2D Accelerator Cards
A graphics card, sometimes called a graphics adapter, video card or graphics accelerator, is a computer component which converts digital data into a graphical form which can be displayed on a monitor.
The initial role of a graphics card was to send pixels to a screen, as well as a variety of simple graphical manipulations:
- Moving blocks (such as the mouse cursor);
- ray tracing;
- polygon tracing;
More recent graphics cards now have processors built for handling complex 3D graphical scenes.
A video card's main components are:
- A Graphical Processing Unit (or GPU for short), the heart of a graphics card, which processes images based on the encoding being used. The GPU is a specialized processor with advanced image processing capabilities, especially for 3D graphics. Because of the high temperatures that the graphics processor can reach, a radiator and fan are often mounted on it.
- The job of the video memory is to store images processed by the GPU before they are displayed by the monitor. The larger the video memory, the better the graphics card can handle textures when displaying 3D scenes. The term frame buffer is generally used to refer to the part of the video memory which stores images before they are shown onscreen. Graphics cards rely heavily on the type of memory that the card uses, as their response time is crucial for displaying images quickly, as is the amount of memory, which affects the number and resolution of the images that may be stored in the frame buffer.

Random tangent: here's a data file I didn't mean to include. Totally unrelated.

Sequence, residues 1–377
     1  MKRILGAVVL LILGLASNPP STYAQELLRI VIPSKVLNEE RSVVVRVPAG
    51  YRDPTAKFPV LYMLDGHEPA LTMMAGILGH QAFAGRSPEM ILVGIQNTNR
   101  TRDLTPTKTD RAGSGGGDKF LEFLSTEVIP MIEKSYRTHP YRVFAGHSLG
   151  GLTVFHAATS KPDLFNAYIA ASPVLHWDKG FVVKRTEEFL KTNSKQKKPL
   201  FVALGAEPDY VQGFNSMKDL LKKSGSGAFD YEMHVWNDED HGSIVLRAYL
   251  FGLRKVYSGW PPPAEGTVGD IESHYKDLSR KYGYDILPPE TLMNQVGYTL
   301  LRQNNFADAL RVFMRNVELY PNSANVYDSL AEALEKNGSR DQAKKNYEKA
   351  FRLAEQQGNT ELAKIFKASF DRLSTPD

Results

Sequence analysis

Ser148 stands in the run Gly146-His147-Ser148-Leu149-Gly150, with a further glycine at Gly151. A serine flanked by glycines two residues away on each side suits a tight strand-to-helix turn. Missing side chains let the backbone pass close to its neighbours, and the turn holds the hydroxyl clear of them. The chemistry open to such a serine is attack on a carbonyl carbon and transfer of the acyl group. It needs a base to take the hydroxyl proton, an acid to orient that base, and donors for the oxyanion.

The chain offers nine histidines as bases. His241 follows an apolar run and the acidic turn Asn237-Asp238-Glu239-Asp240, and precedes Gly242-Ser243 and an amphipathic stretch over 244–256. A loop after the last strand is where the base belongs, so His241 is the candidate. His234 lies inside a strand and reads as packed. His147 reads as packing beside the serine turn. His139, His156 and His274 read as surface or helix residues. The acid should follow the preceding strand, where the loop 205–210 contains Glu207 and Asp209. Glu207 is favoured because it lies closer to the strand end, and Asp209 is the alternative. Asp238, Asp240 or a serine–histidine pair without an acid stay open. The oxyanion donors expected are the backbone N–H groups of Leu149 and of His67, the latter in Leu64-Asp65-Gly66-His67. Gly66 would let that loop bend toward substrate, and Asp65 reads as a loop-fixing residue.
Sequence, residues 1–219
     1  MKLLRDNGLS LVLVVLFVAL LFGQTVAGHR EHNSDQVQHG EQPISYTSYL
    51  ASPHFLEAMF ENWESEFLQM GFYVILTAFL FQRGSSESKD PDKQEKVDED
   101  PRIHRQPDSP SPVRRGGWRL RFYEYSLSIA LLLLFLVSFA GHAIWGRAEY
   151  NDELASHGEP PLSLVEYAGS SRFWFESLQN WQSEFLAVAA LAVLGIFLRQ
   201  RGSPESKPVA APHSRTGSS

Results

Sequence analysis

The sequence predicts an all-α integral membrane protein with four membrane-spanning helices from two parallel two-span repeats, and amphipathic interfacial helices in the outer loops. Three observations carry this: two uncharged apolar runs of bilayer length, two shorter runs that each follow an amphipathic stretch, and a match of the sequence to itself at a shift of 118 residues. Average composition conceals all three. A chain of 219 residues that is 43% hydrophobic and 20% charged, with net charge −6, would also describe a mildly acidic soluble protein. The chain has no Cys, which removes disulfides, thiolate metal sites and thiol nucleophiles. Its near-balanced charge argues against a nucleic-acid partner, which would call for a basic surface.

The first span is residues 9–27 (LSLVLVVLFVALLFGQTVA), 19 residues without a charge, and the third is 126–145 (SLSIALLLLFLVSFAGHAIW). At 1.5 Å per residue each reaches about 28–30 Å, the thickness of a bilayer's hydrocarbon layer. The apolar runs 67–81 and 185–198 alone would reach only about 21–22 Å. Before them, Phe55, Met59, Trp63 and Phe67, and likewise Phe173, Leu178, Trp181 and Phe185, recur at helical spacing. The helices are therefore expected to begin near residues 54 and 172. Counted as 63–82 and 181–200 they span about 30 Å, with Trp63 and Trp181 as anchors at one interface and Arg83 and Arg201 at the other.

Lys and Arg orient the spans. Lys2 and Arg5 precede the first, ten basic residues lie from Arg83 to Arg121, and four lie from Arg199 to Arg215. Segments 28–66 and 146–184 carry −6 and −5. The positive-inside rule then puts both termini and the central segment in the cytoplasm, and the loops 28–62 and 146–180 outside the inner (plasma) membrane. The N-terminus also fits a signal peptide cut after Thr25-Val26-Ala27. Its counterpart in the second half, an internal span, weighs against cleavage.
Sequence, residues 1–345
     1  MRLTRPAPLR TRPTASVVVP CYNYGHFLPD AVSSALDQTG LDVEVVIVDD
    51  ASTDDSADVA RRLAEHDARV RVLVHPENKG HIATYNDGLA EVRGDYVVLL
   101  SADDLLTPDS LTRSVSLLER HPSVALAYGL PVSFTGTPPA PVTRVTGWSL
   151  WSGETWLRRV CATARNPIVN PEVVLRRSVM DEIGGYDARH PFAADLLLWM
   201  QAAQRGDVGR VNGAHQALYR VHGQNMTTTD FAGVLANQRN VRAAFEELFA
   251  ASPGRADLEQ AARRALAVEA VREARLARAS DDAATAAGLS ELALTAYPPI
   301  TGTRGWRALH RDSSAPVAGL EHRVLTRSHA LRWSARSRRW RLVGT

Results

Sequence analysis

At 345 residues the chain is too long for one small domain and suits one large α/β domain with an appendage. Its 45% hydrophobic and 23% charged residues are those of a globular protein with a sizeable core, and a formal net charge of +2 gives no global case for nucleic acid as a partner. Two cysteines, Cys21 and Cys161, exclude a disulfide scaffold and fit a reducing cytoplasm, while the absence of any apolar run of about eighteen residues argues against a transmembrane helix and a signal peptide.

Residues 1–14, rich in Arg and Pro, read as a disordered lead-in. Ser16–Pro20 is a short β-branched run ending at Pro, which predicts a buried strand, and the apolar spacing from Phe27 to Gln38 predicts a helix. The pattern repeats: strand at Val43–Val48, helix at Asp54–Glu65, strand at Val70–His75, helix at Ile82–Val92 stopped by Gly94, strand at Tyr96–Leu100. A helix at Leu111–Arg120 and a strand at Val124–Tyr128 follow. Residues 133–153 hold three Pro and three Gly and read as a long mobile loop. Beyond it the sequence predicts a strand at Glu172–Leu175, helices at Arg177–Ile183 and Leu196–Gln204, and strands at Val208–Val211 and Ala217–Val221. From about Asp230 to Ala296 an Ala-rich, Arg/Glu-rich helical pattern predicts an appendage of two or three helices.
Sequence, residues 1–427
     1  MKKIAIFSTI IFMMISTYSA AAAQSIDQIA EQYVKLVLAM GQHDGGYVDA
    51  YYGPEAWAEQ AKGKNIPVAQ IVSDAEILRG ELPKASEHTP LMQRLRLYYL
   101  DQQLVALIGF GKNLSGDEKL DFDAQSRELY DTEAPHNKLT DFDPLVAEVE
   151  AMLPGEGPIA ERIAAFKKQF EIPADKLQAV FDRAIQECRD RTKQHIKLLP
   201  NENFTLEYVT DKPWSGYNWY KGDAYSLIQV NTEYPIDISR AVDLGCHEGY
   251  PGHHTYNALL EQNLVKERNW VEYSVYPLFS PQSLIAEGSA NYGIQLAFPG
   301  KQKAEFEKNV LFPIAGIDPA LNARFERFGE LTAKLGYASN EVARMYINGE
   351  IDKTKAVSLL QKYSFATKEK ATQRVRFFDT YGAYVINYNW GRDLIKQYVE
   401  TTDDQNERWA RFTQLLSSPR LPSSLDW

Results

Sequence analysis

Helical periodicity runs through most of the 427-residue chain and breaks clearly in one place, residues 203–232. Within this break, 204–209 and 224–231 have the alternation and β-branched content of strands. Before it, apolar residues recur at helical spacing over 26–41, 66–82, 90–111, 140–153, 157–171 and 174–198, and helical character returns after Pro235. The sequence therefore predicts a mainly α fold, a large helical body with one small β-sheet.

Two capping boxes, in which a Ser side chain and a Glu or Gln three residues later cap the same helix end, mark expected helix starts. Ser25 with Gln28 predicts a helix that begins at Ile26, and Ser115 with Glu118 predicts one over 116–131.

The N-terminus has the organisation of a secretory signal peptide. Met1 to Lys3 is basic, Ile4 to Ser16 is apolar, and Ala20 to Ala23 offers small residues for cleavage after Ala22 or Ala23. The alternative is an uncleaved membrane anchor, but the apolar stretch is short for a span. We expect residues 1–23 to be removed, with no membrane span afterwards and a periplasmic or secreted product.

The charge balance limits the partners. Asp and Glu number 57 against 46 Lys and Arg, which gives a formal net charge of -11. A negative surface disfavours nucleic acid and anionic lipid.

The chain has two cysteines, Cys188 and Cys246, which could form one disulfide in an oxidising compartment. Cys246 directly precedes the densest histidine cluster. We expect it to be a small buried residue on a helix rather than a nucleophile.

- The RAMDAC (random access memory digital-analog converter) is used for converting digital images stored in the frame buffer as analog signals to send to the monitor. The RAMDAC's frequency determines the refresh rate (number of images per second, expressed in Hertz - Hz) that the graphics card can support.
- The video BIOS contains the graphics card's settings, in particular the graphics modes that the adapter supports.
- The interface: This is a kind of bus used to connect the graphics card to the motherboard. The AGP bus is specifically designed to handle high dataflow, which is necessary when displaying video or 3D sequences. The PCI Express bus performs better than the AGP bus that it has ended up replacing.
- The connections:
- Standard VGA interface: Most graphics cards are built with a 15-pin VGA (Mini Sub-D, with 3 rows of 5 pins each), usually colored blue, which is mainly used to connect the adapter to a CRT monitor. This type of interface is used to send 3 analog signals to the screen, corresponding to the red, blue, and green components of the image.
- The DVI (Digital Video Interface), found in some graphics cards, is used to send digital data to monitors which can support the interface. This bypasses the need to convert digital data into analog and then back again.
- S-Video interface: More and more graphics cards these days have an S-Video socket built in, so that the computer's output can be viewed on a television screen. This is why it is often called a "TV-out" plug.
3D Accelerator Cards